• Trump as a Hungry Ghost

    • Posted on Aug 21, 2016
    Here's this morning's (Aug. 21) column.  I'd really like to say it's my last column on this horrible candidate, but probably not. I can't help noticing his ego, and he can't help displaying it.   

    Anyone who reaches their teens knows about ego struggles.  Ego, that sense of self that people develop, protect, and defend, gives adults their identity, after all. 

     A healthy ego remains one of the keys to living a productive and happy life. 
    Yet that sense of self in some people goes wildly out of balance.  At some point it grows monstrous, seeking a larger identity, more praise, more adulation, more everything.   

     Garrison Keillor, when asked whether he found his considerable fame satisfying, replied, “It’s never enough. I want to be Sun King, the absolute and divine ruler of everything . . .”   

     France’s Louis XIV, the actual “Sun King” ruled France for 72 years, and his loyal subjects considered him all but divine, as did he.  He lived a long life convinced of his divinity.     

     French aristocrats actually paid to watch as their King Louis rose, dressed, ate and went to bed.  The King loved an audience, but it was never enough.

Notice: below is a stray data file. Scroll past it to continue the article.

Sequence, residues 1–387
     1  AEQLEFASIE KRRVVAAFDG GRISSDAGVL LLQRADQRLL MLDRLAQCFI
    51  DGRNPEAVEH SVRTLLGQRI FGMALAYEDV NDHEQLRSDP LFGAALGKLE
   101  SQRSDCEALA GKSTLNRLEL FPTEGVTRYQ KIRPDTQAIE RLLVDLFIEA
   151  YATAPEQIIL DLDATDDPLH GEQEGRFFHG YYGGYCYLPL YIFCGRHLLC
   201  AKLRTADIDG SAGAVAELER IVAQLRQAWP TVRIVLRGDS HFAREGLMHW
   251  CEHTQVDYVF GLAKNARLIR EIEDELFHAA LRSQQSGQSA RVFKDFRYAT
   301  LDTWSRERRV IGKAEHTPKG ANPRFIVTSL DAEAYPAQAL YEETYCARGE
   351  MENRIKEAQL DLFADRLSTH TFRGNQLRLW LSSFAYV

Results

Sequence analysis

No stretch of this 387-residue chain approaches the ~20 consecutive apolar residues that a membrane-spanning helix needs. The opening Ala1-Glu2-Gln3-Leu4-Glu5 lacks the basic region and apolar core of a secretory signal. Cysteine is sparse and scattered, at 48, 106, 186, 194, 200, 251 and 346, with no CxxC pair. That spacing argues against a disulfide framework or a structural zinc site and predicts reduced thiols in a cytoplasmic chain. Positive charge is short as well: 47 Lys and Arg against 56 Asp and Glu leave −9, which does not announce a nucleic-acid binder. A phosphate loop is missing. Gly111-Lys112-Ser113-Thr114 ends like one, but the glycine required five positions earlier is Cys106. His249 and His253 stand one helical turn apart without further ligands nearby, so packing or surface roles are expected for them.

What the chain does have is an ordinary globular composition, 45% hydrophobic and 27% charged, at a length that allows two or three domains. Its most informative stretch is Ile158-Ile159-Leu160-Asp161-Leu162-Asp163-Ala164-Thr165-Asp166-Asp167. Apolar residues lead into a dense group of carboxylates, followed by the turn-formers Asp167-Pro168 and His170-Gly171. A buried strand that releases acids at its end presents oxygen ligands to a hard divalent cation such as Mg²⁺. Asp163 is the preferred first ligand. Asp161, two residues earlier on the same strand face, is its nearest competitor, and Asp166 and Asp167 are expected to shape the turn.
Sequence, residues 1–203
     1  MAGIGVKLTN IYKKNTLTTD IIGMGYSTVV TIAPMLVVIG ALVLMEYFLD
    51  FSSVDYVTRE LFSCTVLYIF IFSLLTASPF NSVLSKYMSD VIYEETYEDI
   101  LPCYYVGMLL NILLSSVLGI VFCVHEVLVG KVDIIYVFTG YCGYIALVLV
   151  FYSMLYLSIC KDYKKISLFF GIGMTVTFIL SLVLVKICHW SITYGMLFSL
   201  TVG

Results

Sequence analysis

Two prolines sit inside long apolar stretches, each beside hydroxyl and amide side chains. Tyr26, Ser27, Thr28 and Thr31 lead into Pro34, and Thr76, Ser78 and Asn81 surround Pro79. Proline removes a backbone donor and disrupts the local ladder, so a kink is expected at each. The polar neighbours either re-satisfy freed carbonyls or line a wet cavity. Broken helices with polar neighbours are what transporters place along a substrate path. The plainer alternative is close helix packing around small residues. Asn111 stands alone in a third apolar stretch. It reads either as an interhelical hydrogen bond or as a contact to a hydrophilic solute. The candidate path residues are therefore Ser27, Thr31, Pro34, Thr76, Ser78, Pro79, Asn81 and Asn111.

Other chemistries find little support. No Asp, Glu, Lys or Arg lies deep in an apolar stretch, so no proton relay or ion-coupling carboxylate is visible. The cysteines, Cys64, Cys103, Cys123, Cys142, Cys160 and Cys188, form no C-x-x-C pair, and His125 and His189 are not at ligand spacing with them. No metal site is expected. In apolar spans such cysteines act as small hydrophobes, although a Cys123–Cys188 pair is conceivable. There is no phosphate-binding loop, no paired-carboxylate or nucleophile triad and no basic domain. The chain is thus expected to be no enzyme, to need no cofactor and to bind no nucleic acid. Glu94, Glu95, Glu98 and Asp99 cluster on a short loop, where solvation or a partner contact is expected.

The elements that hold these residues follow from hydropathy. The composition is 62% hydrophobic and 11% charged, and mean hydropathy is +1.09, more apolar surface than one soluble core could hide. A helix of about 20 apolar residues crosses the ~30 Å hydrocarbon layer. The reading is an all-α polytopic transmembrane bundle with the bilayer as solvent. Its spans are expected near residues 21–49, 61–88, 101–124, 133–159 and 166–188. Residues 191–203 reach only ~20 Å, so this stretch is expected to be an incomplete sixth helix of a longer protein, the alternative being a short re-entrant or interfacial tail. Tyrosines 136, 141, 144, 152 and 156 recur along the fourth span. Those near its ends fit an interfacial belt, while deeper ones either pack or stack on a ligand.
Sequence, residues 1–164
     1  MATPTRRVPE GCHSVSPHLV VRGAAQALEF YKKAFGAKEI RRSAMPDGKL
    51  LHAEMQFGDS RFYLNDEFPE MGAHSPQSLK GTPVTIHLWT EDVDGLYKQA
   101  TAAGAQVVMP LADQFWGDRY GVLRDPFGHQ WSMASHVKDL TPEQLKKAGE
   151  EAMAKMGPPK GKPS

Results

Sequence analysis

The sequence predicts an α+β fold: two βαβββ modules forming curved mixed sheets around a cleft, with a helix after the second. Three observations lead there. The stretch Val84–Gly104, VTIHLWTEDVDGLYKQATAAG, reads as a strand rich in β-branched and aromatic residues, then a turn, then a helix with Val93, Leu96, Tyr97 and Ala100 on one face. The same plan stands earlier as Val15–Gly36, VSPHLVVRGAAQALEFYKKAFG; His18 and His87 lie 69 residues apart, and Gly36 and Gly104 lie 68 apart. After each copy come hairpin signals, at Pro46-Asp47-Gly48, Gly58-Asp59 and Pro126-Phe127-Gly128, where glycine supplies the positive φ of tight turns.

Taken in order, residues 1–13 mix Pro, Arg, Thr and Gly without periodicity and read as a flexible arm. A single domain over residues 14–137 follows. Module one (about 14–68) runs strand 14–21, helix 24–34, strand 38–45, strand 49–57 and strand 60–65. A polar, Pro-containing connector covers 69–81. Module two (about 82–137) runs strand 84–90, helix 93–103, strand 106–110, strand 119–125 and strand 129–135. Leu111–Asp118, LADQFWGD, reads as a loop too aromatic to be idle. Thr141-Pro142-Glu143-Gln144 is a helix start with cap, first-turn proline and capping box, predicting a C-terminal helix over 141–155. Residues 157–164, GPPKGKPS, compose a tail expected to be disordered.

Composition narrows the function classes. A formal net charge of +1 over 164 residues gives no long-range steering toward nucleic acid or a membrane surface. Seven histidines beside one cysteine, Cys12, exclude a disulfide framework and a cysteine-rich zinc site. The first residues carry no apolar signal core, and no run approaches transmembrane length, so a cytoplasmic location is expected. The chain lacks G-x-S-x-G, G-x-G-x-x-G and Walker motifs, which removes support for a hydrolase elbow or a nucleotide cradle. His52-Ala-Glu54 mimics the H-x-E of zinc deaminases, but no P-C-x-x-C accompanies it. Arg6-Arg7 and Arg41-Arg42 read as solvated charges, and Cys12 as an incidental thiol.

Never enough--that’s an unhealthy ego.  Buddhists call the unbalanced ego “hungry ghost”—always wanting more, never getting it.  Psychologists call it “narcissistic personality disorder,” and it’s marked by total self-absorption and an inability to empathize.  No one suggests putting them in charge.   

     It’s a form of addiction—a must-have daily fix of adulation and support.  Ego addiction, also known as Pride, became known as the deadliest of the Seven Deadly Sins.   Pride bullies all virtues into silence.   

     Therefore, at some point, wise people bring their ego under control.   They might see a “shrink,” to cut their ego down to size.  Better yet, they learn by recognizing that they’re not always right. Brave friends and family can help.   

     We can’t have it all.  We don’t know it all.  We need help.  We contribute to the common good without expecting praise or rewards.     

    Learning more selfless engagement and less self-promoting ego is called growing up. This is how smart people become wiser.  Our greatest leaders were wise because they faced great hardships and learned humility.  

     Which brings us to Donald Trump.  He may be smart, but no one calls him wise.  Until his followers move beyond their current fact-resistant state of mind, or until he’s roundly and soundly defeated in November, he’s a hungry ghost.